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Call for safety steps in Oman as two fires claim four lives in two days
July 18, 2018 | 8:28 PM
by Times News Service
A little preparation can save your life and save your family from blaze.
 
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Muscat: Experts are calling on residents to take all measures to protect their homes from fires after two houses in Nizwa went up in flames in a span of just two days.

On Wednesday morning, three people, including two Omanis, were injured after a fire broke out in a house. The incident came to light just one day after a fatal residential blaze led to the death of three children and one adult.

Read here: Three children, one adult die in Oman house fire

Speaking exclusively to the Times of Oman, Paul Mirley, a fire safety expert and Engineering Consultant at Ahmed Said Engineering Consultancy, said, “We all know that fire kills. Most of us know that smoke is the main killer. Some of us think fires only happen only to other people, they don’t. A little preparation can save your life and save your family.”



“First of all, we should make plans well in advance, we should not wait for a fire.”

“Most people that die in house fires die in their beds. Smoke contains carbon monoxide, which is very toxic and will kill people without waking them; therefore, we need something that will alert us to a fire in the middle of the night, such as a smoke alarm. In the UK, people have been installing smoke alarms in their houses for some 40 years. They are such a success that the UK Fire Service now provides and fits them for free, and they are a requirement in all new houses. This practice is common across Europe and the USA.”



Also read: Three injured as house in Oman goes up in flames

‘Get a smoke alarm’

“So, please get a smoke alarm, or two or three. As a minimum, the smoke alarm has to tell you that smoke has entered your escape route; so, will you be able to hear it? In large houses you may need one at each level on the stairs and you may need to link them so they all go off simultaneously. Check them weekly, and replace the batteries when needed.”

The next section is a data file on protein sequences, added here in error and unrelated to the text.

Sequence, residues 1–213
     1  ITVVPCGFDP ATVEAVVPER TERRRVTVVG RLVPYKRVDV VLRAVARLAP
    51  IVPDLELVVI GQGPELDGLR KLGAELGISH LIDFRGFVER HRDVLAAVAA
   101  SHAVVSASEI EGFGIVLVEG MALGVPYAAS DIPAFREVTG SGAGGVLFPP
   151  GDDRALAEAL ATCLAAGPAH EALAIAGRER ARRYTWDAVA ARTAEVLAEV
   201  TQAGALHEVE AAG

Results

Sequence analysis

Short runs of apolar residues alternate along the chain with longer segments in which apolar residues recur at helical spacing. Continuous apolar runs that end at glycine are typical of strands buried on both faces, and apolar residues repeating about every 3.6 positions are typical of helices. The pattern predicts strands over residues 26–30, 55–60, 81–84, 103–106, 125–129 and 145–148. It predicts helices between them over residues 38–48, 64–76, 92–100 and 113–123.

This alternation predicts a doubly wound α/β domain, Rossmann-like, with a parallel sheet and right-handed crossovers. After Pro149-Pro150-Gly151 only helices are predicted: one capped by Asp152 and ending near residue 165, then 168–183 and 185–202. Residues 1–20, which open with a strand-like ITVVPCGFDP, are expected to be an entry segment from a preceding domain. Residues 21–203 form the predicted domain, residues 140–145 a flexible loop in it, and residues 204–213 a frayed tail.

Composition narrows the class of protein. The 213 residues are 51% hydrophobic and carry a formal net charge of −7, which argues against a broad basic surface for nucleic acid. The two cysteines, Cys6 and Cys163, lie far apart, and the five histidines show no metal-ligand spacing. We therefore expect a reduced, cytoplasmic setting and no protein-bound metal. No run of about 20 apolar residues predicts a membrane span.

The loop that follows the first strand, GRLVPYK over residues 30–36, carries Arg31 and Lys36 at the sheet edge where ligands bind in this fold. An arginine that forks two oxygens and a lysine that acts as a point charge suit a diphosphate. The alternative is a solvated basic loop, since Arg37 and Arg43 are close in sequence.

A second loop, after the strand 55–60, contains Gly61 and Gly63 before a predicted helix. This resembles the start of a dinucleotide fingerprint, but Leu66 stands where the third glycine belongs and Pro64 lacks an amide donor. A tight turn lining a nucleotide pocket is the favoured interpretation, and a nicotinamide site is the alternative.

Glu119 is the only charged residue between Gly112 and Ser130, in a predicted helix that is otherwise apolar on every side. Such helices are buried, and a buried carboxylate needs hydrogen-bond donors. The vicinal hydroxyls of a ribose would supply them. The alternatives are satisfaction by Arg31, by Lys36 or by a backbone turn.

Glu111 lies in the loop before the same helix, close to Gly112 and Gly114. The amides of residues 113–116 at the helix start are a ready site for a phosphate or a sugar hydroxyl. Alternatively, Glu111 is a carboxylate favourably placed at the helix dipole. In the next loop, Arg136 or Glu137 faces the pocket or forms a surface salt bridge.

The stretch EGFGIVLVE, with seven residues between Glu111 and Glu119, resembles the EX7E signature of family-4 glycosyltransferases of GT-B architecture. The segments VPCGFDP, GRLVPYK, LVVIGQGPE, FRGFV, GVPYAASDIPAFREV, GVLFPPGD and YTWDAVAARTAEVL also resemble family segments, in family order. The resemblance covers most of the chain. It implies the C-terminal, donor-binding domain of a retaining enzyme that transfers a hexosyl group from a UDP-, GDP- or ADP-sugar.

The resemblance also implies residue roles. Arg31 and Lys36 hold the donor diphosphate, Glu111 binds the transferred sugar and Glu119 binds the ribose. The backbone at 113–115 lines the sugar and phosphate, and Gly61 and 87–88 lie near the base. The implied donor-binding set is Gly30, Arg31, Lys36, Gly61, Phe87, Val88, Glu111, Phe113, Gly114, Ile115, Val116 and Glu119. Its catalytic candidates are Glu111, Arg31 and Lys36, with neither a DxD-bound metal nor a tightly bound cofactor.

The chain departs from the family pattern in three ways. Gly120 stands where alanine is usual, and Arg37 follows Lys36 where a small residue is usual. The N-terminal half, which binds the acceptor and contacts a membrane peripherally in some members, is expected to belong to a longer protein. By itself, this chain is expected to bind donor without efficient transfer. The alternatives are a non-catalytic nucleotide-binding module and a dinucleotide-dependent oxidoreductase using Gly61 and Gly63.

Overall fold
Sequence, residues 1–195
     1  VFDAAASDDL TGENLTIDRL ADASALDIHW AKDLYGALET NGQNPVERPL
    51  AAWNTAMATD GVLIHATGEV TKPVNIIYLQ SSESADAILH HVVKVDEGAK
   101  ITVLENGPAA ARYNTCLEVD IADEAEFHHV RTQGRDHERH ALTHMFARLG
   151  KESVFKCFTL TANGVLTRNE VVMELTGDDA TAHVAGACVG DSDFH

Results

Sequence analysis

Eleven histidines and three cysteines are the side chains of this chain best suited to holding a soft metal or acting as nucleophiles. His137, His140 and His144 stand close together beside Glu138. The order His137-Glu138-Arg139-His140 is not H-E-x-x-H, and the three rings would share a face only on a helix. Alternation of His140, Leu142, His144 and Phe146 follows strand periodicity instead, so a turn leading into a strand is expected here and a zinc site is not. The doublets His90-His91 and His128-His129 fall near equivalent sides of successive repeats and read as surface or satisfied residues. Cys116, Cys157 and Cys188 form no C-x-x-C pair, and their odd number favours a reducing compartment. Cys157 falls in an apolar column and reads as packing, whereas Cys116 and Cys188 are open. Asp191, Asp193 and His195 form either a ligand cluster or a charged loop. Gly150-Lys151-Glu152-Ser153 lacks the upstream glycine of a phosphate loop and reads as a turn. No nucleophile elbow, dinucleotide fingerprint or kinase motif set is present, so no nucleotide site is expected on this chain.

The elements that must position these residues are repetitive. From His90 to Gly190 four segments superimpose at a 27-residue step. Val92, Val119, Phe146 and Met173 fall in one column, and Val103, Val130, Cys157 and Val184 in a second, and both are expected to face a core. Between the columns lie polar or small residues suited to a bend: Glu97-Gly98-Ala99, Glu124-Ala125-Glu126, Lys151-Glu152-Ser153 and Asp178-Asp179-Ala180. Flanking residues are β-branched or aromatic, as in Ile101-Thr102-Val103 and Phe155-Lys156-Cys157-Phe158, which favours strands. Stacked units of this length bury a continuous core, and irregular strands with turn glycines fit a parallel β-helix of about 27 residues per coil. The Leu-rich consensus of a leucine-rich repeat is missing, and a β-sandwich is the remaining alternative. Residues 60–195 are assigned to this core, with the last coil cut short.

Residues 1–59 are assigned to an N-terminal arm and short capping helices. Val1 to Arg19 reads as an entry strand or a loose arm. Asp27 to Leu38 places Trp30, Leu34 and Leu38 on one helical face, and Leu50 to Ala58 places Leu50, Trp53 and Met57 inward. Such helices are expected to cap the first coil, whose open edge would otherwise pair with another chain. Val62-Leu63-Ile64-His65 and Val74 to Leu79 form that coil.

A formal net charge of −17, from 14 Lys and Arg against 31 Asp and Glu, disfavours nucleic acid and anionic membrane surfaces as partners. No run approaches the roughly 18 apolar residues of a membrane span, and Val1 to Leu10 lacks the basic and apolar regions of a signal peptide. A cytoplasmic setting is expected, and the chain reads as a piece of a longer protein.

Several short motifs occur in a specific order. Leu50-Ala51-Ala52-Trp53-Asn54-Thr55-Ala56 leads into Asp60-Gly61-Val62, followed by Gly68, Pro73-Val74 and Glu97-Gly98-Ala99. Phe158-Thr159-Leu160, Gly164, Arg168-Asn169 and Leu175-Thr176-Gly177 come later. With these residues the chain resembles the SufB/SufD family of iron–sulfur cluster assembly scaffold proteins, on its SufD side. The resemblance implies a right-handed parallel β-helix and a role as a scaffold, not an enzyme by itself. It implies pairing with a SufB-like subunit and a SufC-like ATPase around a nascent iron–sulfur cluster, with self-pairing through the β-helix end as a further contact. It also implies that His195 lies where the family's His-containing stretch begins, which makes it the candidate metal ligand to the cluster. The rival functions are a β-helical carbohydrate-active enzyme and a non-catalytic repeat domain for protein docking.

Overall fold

According to the Public Authority for Civil Defence and Ambulance (PACDA), 4,157 fires took place in Oman in 2016, a sharp rise from 2015 (3,520).

Mirley also detailed the importance of having an evacuation plan.

“A smoke alarm will only let you know if there is a problem. So what will you do if the smoke alarm goes off in the middle of the night, and there is a fire? This is why you need an evacuation plan before the fire. First of all, not everyone may hear the smoke alarm, especially children, so you have to wake everyone up.”

Assistance

“That is the first part of your plan; now think of scenarios applicable to your house and ask yourself some questions: what do we do if we cannot get to the main entrance? Do we have an alternative route? Do I need a key to unlock the door? Is there a refuge from where we can be rescued? Does anyone need assistance? What do we do if I cannot get to the main entrance? What if I’m not there, does anyone know what to do? How can we alert the fire service?”

“Ask yourself these questions, provide the answers and this will lead you to your plan, but make sure you have considered all realistic scenarios and keep it flexible. Involve the family, let them contribute and make sure they understand. Practice it regularly. Do it in the dark. Change the scenario. Imagine there’s smoke.”

Mirley agreed, however, that prevention is better than cure.

“The planning exercise should also help you identify the fire risks in your home. There are two areas to consider: how a fire will start and how a fire will spread.”

“Make sure all electrical equipment is switched off at night, if you can. Obviously, refrigerators and the air conditioner will be left on: how confident are you that they are in good condition? Is the fuse/MCB (micro circuit breaker) rating correct? Does your electrical system have an RCD (residual current device)? These devices are designed to electrically isolate equipment in the event of a fault.”

“Are there smokers in the house? Make sure that all cigarettes etc. are out and disposed of into the bin outside, and don’t have the bin close to windows or doors either. If a fire does start, can I confine it to the one room and protect my escape route? Close all the doors at night. Fires happen, but it is not acceptable for people to die in a fire. We can do something about it, can’t we?” he asked.



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